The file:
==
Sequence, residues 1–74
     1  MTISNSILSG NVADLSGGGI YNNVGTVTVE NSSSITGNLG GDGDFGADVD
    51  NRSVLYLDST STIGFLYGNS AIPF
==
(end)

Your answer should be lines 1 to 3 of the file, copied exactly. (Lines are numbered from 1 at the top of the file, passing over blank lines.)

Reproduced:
Sequence, residues 1–74
     1  MTISNSILSG NVADLSGGGI YNNVGTVTVE NSSSITGNLG GDGDFGADVD
    51  NRSVLYLDST STIGFLYGNS AIPF